South Africa can be proud of its cadastre
South Africa - Rode Review
The following report appeared on 16 March 2019 in the English version of the Greek newspaper Kathimerini.
Greece, the only European country without a proper register of land ownership, is confident it will finally have one in place by 2021 after spending hundreds of millions of euros on a project that began more than 20 years ago. The lack of a complete record of property ownership across the country is a major barrier to investment, proper taxation and growth. It was once a buzzword for the bureaucratic morass of Greece, which was forced to request three international bailouts from 2010 to 2015 totalling 280 billion euros to stay afloat. On Wednesday, the country opened its biggest land registry office in Athens, home to nearly half of the Greek population. The government hopes the new centre will help speed up the process to compile a nationwide database as Athens residents will be able to register their assets in rural Greece without having to travel outside the capital. The new registry is a 3 000 m² cavernous office complex to the north of Athens with a green metal roof that was built to host gymnastics events at the 2004 Olympics. Staff at the new centre and in smaller offices outside the capital aim to establish an electronic database that will cover the whole country by 2021, a deadline agreed with Greece’s foreign creditors. Concluding the project has been a condition of each of Athens’s three bailouts, the last of which expired last August. (Reuters)
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Your parking bay could earn you money
South Africa - Property360
New digital platform offers drivers parking spaces at homes and businesses and is opportunity for extra income. Renting out your driveway, garage or parking bay could earn you up to R17000 a year, and could be the property play you have been looking for to make extra cash.
In the UK this market is known as the “driveway rental market” and was estimated to be worth £3.8 billion (more than R67bn at current exchanges rates) in 2018. A recently launched local website (basically Airbnb for parking) is offering a platform to earn extra cash by matching frustrated motorists looking for parking with homeowners with parking bays.
RentMyBay, developed by Capetonian Craig Murray, works this way: You let, in return for cash, a parking space you are under-utilising or not using at all to someone looking for guaranteed, secure parking for their vehicle.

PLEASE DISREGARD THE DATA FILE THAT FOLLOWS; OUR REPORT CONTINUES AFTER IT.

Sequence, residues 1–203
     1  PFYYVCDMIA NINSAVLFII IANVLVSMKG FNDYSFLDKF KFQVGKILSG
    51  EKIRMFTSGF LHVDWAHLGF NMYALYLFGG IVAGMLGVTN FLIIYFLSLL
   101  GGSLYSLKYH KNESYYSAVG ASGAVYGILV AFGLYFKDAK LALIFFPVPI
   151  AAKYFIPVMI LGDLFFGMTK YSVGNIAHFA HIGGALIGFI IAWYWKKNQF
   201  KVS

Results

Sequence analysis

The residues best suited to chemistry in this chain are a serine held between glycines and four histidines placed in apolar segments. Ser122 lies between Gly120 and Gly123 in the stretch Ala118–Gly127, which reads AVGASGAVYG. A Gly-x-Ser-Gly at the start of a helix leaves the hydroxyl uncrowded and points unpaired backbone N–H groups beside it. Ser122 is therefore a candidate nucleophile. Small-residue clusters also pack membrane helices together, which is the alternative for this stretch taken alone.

Who owns the land in South Africa’s Communal Areas?
South Africa - iAfrica
The issue of land ownership and governance in communal areas continues to be hotly debated.
The communities are occupying and using land in communal areas in terms of a coherent system of indigenous law. They have their own lifestyle. They are being led by traditional leaders. They have their own custom. They are still practicing their own indigenous leadership system, through the process of culture.
In their areas, shared rules determine access to the land which is held in common. They have their own system of land allocation, use and occupation. Chiefs, headmen, headwomen and traditional councils have a role in land allocation to members of the communities. The decisions about the distribution of residential sites and arable and grazing land are taken by the members of the communities, chiefs, headmen, head women and traditional councils. The allocation of residential sites has to be witnessed by the community members. Disputes are dealt with by the chiefs, headmen, head women and traditional councils. When outsiders want to use land for particular purposes, for example for business, they need to approach the community members, chiefs, headmen, head women and traditional councils for permission.
Some traditional leaders are corrupt and violate human rights of the members of their communities. They sell communal land to businessmen and businesswomen without consulting the communities. They are demanding residents to pay excessive tribal levies and other different kinds of taxes.